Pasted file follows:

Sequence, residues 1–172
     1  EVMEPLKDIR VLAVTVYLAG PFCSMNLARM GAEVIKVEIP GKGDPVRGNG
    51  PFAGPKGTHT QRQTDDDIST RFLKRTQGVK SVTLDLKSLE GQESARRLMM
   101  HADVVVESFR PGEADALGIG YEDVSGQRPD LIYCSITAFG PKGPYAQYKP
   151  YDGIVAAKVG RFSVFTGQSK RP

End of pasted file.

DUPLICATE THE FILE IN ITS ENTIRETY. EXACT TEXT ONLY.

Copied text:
Sequence, residues 1–172
     1  EVMEPLKDIR VLAVTVYLAG PFCSMNLARM GAEVIKVEIP GKGDPVRGNG
    51  PFAGPKGTHT QRQTDDDIST RFLKRTQGVK SVTLDLKSLE GQESARRLMM
   101  HADVVVESFR PGEADALGIG YEDVSGQRPD LIYCSITAFG PKGPYAQYKP
   151  YDGIVAAKVG RFSVFTGQSK RP